Friday, 8 p.m. ET, ESPN+
Sonny Dykes jumped from the Group of 5 at SMU to a Power 5 gig by moving across the Metroplex from Dallas to Fort Worth, and his plan will be similar to what he used to help the Mustangs reach new heights: Recruit their backyard, be a home for players looking to come back to Texas and play a fun brand of football. Zach Evans is gone to Ole Miss, but Max Duggan (10 starts last year, 2,048 yards, 16 TDs, 6 INTs) and Chandler Morris (461 yards passing, 70 rushing in first career start against Baylor last season) both return. Gary Patterson’s legendary 4-2-5 defense is gone, and new coordinator Joe Gillespie, who impressed at Tulsa, has instituted a 3-3-5 that the Frogs hope will shore up a group that allowed 34.9 points per game during last year’s 5-7 season. — Wilson
7 p.m. ET, Longhorn Network
All eyes are on Quinn Ewers
Texas’ defense will be the source of much consternation for fans this season, and former TCU coach Gary Patterson came on board as a special assistant this offseason after the Longhorns ranked 100th nationally in 2021. But this is a spring game, and fans will be eager to see how Steve Sarkisian’s offense looks in Year 2. Bijan Robinson is back after a season-ending injury, and there’s a new wide receiver in transfer Isaiah Neyor (878 yards, 12 TDs on 20.0 yards per catch last year at Wyoming) to pair with breakout freshman star Xavier Worthy. But the main draw is the quarterback battle between Ohio State transfer Quinn Ewers, one of the top prospects in the country coming out of high school, and Hudson Card, who won last year’s battle over Casey Thompson in the fall, but ended up starting only two games, passing for 590 yards with five touchdowns and one interception. — Wilson
1:30 p.m. ET, ESPN+
A jolt of enthusiasm for Texas Tech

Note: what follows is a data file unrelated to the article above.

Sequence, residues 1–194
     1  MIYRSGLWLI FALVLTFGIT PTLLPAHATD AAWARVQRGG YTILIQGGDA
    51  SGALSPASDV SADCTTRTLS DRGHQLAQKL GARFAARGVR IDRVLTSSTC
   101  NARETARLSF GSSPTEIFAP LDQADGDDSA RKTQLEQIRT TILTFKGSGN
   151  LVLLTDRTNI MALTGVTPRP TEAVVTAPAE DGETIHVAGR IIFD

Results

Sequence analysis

New coach Joey McGuire has built excitement around the Red Raiders program, including a recruiting windfall that currently ranks among the best nationally. But there’s also reason for enthusiasm with the return of Zach Kittley, the offensive coordinator who began his coaching career as a volunteer assistant under Kliff Kingsbury before running some of the nation’s best offenses at Houston Baptist and Western Kentucky (535 yards per game last year, 63 passing TDs). The Red Raiders will put up points no matter who wins the quarterback race between Tyler Shough and Donovan Smith. But as always, the defense will be the key. New coordinator Tim DeRuyter, who has overseen defenses at Texas A&M, Cal and Oregon in recent years, plays an attacking 3-4 scheme that will get after quarterbacks, but can also give up big plays. On Saturday, we’ll see just how aggressive the Red Raiders look on both sides. — Wilson
Noon ET, Pac-12 Network
Chip Kelly and Dorian Thompson-Robinson ride again
For as long as Kelly has coached the Bruins, Thompson-Robinson — give or take a few snaps, injuries and games — has quarterbacked them. In the midst of what has been a pretty mediocre stretch for UCLA football, the two are back this season, and the flashes that they have shown are tantalizing enough to wonder if they can accomplish more than they have since 2018. They’ll be counting on junior running back Zach Charbonnet to help, but will have to find new targets for Thompson-Robinson. On the defensive side of the ball, there’s a lot to prove starting Saturday. Kelly has a new defensive coordinator, by way of the NFL, in Bill McGovern. The former New York Giants linebackers coach is one of a handful of new hires Kelly made to upgrade his staff after a season that left him hovering over the hot seat. — Uggetti
3 p.m. ET, ESPN
It’s finally time for Lincoln Riley’s (and Caleb Williams‘) USC debut